Purdue University: Shepson Atmospheric Chemistry Group: Snowflake Surface Chemistry

Snowflake Surface Chemistry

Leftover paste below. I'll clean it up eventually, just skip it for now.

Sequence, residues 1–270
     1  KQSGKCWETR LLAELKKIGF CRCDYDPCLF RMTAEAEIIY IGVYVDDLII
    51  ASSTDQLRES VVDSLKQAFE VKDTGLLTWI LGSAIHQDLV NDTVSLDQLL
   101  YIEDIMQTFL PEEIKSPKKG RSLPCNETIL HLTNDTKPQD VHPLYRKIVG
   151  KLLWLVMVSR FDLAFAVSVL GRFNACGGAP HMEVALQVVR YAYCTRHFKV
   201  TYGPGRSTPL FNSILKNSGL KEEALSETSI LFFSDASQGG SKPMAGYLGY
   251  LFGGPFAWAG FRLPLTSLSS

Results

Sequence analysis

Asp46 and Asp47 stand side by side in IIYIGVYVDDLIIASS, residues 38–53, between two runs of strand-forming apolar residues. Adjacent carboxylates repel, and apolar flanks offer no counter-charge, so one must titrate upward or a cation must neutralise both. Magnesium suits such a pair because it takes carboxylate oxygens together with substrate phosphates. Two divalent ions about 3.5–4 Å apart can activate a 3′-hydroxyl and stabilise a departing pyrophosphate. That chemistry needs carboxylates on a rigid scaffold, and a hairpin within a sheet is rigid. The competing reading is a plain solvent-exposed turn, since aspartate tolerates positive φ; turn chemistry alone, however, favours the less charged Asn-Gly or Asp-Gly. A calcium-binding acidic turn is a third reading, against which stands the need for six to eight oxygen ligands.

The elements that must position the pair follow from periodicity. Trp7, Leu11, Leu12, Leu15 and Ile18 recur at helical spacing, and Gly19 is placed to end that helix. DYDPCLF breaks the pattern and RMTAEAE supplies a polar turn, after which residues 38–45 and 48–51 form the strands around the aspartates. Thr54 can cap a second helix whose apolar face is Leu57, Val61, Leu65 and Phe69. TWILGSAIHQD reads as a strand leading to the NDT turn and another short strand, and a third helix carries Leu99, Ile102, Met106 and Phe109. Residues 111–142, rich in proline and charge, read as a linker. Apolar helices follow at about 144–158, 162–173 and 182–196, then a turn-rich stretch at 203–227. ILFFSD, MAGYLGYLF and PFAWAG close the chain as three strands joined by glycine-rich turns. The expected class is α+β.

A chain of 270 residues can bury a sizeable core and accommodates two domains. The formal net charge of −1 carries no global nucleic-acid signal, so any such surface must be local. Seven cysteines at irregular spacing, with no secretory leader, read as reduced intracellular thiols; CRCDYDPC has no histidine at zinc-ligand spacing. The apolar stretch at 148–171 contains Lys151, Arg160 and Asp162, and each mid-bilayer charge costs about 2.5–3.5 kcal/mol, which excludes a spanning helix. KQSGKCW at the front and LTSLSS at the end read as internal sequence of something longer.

Snow crystals formed in the atmosphere are made in several shapes that are dependent on the temperature and supersaturation of their surrounding environment (Figure 1).  On the surface of all ice is a quasi-liquid layer (QLL, Figure 2) with a thickness that is temperature dependent.  The temperature at which the QLL disappears is an open source of debate, but what is important is how it affects the morphology of the snow crystal.  It is believed that changes in the QLL thickness, which is different at a given temperature depending on the crystal facet, is what causes the distinct morphological transitions in Figure 1 (Kuroda & Lacmann, J. Crystal Growth 1982).  Extensive work on snow crystals has recently been done by Libbrecht; however, there have to date been no direct measurements of the water supersaturation or impurity (e.g. acetic acid) concentrations at the point of crystal growth.  As a method of testing the hypothesis of Kuroda and Lacmann, a snow growth chamber was constructed.  Initially, crystals were grown on an electrode with an applied potential of 2kV (Figure 3); however, this was traded for a string hung down the center of the chamber which allowed growth of many crystals as a function of temperature and/or supersaturation at once (Figure 4).

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